S H O W  S C H E D U L E
SUNDAY
12:OO - 12:45 /// The Main Course
1:OO-1:3O /// Eat Your Words
2:OO-2:3O /// Arts & Seizures
3:OO-4:OO /// The Morning After
4:3O-5:3O /// Snacky Tunes
6:OO-6:3O /// Joshua David Stein Variety Hour...Half Hour
MONDAY
1O:OO-1O:3O /// Wild Game Domain
11:OO-11:3O /// Inside School Food
12:OO-12:3O /// What Doesn't Kill You
1:OO-1:3O /// Radio Cherry Bombe
3:OO-3:4O /// We Dig Plants
5:OO-5:3O /// Cutting the Curd
6:OO-6:3O /// Animal Instinct
7:OO-7:3O /// Fuhmentaboudit!
8:OO-8:3O /// Eating Disorder
TUESDAY
12:OO-12:45 /// Cooking Issues
1:OO-1:3O /// Let's Get Real
2:OO-2:3O /// Sharp & Hot
3:OO-3:3O /// The Food Seen
4:OO-4:3O /// Greenhorns Radio
5:OO-5:45 /// Beer Sessions Radio (TM)
7:OO-7:3O /// Roberta's Radio
WEDNESDAY
1O:OO - 1O:3O /// In the Drink
11:OO-11:3O /// Taste Matters
12:OO-12:45 /// Chef's Story
1:OO - 1:3O /// After the Jump
2:OO-2:45/// WORD OF MOUTH
3:OO-3:3O /// The Speakeasy
4:OO-4:45 /// All in the Industry
5:OO-5:3O /// the business of The Business
THURSDAY
11:OO - 11:3O /// Native
12:OO - 12:3O /// A Taste of the Past
1:OO - 1:3O /// The Farm Report
2:OO-2:3O /// Pizza Party
3:OO-3:3O /// Eating Matters
4:OO - 5:OO /// Food Talk with Mike Colameco
6:OO-6:45 /// Mama Coco's Funky Kitchen
7:3O-8:3O /// Full Service Radio
9:OO-1O:3O /// GUNWASH
SPECIAL PROGRAMS
Evolutionaries
My Welcome Table
How Great Cities Are Fed
PUNCH Radio
The Whole Shebang
Edible Alphabet
PAST PROGRAMS
No Chefs Allowed
Anastasia's Fridge
It's More Than Food
Straight from the Source
Metropolitan Ave
Summer of Food
HRN on Sandy
Micology
Everything's On the Table
Hot Grease
U Look Hungry
The Naturalist
Burning Down the House
Search Results
Hosted By
Sharp-_-hot
Sponsored by
Emaillogo1
Sausage Kings: Chefs Thomas Rice & Kurt Guzowski of TÊTE. This week on Sharp & Hot, hear from the "Sausage Kings", Chefs Thomas Rice & Kurt Guzowski of TÊTE, a locally sourced, charcuterie-focused restaurant in Chicago's former meatpacking district. They talk about how they started, the process of making charcuterie and what the scene is like in Chicago. Host Emily Peterson and producer Anne Hogan also open the show with commentary on everything from condiments to holiday baking. This program was brought to you by Heritage Foods USA.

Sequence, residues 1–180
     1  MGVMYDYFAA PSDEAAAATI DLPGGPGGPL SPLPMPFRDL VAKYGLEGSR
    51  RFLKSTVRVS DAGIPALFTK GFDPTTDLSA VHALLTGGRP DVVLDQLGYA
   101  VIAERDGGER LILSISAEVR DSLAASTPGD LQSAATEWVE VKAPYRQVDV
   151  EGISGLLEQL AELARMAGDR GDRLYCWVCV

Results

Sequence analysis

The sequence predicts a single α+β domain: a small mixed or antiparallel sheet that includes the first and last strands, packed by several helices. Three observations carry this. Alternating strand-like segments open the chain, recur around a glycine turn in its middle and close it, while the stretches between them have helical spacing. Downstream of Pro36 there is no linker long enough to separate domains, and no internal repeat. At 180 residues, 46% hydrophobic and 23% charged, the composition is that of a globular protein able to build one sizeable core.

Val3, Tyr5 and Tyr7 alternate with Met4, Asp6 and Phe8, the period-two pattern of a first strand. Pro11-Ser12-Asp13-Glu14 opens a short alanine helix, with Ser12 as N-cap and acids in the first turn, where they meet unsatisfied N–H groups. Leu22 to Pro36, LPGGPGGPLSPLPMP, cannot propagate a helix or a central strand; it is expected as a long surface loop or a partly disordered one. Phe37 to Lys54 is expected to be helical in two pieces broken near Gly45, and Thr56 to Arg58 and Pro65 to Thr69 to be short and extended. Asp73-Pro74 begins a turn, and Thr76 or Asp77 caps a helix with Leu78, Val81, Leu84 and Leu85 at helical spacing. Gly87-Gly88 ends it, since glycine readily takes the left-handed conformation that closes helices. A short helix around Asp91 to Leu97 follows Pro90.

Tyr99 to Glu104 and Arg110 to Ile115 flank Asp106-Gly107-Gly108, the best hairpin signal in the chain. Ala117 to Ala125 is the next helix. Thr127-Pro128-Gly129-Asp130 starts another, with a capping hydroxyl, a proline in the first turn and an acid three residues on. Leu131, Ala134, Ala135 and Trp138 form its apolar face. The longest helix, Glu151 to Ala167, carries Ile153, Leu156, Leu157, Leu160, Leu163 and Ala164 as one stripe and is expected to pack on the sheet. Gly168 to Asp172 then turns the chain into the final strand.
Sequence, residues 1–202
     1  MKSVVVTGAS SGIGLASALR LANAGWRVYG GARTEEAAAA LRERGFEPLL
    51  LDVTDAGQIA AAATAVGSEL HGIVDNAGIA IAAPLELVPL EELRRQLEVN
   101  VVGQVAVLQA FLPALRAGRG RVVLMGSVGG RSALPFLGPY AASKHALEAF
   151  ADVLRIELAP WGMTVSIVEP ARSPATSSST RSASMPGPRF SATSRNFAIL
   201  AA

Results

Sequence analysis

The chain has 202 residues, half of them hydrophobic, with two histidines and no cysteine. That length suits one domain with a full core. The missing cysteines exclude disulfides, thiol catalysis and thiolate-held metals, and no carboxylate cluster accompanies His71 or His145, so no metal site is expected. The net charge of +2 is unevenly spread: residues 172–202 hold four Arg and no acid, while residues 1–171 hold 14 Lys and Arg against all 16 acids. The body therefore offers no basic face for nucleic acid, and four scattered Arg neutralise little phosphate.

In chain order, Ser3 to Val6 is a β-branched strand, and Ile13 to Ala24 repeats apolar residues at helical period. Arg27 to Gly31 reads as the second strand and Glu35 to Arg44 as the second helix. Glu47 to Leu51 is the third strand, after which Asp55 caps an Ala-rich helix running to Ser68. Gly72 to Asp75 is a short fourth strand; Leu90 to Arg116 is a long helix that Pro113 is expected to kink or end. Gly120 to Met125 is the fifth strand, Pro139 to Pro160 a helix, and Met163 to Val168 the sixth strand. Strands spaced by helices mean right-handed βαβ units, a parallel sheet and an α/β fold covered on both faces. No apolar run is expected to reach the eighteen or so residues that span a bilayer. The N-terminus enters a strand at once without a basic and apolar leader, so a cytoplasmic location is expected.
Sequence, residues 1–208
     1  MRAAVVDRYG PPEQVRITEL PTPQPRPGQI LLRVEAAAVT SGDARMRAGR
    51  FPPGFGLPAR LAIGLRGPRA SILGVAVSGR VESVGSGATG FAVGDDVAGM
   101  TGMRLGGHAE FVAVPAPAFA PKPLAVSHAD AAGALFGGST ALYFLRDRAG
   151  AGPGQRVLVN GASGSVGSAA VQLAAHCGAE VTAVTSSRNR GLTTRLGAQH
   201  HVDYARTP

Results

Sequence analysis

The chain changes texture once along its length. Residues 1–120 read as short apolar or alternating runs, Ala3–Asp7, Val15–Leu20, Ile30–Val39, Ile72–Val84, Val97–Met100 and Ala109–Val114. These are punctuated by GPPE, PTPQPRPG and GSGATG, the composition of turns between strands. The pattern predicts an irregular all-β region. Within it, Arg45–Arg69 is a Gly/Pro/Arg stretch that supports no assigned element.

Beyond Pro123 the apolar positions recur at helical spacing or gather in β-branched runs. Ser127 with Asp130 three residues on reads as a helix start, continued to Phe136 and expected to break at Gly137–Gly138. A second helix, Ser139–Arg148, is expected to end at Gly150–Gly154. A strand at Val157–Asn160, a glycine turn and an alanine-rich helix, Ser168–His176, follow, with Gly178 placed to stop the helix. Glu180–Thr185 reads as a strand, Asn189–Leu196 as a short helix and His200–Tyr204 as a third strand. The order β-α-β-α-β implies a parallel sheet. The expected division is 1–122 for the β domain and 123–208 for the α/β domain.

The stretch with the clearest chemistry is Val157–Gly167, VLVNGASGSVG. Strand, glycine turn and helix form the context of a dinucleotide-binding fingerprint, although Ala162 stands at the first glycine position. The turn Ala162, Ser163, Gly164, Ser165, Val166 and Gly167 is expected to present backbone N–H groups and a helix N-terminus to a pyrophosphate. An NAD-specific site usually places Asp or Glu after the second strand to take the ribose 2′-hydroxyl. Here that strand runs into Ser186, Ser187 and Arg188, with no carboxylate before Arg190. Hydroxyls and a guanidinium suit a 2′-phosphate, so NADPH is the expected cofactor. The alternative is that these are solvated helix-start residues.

"In essence, [with charcuterie], you want the good bacteria to grow quicker than the bad can. [28:00]

--Kurt Guzowski on Sharp & Hot


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Hosted By
Tasteofthepast
Sponsored by
Untitled
Grains take center stage on this week's episode of A Taste of the Past as host Linda Pelaccio is joined by Bruce Weinstein, cooking instructor and author of "Grain Mains: 101 Surprising and Satisfying Whole Grain Recipes for Every Meal of the Day". Tune in for a lively discussion on grains and their place in culinary history. From quinoa to millet, learn about how whole grains were essential in early China and how they differ from refined grains. From health benefits to culinary applications, Bruce gives listeners plenty to digest on this week's episode of A Taste of the Past. This program was sponsored by White Oak Pastures.

"Millet was the grain of China before rice. Some of the oldest pastas found in China were made of millet flour."

"If you eat whole grain cereal for breakfast you'll be less hungry later than you would if you ate regular sugary cereal."

"Seasonings and flavors have been dumbed down across the board. As a society - we've grown accustomed to more tasteless food that's been over-processed."

"Grains are for everybody - they're not just for the vegans and vegetarians among us!"

--Bruce Weinstein on A Taste of the Past


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Hosted By
Tasteofthepast
Sponsored by
Hearst_logo
On this episode of A Taste of the Past, Linda Pelaccio is in the studio with Tim Sullivan, sake educator and founder of the site UrbanSake.com. Tune in to hear about how rice processing and milling determines sake quality, why sake is more similar to beer than wine, and why sake is unlikely to give you a hangover. Did the tsunami affect sake quality and production in Japan? Is the sake contaminated by nuclear material? Tim says that sake production is monitored by the Japanese government and is completely safe! Sake doesn't necessarily need to accompany traditional Japanese food; it suits all types of cuisines and can compliment any meal. Learn more about the history of sake, and try some with your next dinner. This program has been brought to you by Hearst Ranch.

"Sake today can be very elegant. There's a lot of nuance. That's a modern phenomenon. That is something that has only been around for the last forty or fifty years. Sake itself has been around for 2,000 years."

"The more you mill down [the rice], the higher the quality. All the rice we eat is brown; if you're eating white rice, it has been milled."

--Tim Sullivan on A Taste of the Past


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